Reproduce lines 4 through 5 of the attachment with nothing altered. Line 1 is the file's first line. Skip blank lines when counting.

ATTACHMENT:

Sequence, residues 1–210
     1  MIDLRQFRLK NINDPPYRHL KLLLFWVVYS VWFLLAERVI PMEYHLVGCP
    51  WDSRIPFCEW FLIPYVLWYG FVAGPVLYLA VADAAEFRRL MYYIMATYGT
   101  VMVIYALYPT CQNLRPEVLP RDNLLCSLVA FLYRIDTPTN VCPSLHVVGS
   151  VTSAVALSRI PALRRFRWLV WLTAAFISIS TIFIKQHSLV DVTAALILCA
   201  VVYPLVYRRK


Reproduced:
   101  VMVIYALYPT CQNLRPEVLP RDNLLCSLVA FLYRIDTPTN VCPSLHVVGS
   151  VTSAVALSRI PALRRFRWLV WLTAAFISIS TIFIKQHSLV DVTAALILCA